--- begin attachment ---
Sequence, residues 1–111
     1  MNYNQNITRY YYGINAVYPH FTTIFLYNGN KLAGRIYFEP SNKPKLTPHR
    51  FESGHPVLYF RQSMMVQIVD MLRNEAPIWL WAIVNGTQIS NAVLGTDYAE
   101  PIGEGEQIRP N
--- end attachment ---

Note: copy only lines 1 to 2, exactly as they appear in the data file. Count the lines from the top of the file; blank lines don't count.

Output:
Sequence, residues 1–111
     1  MNYNQNITRY YYGINAVYPH FTTIFLYNGN KLAGRIYFEP SNKPKLTPHR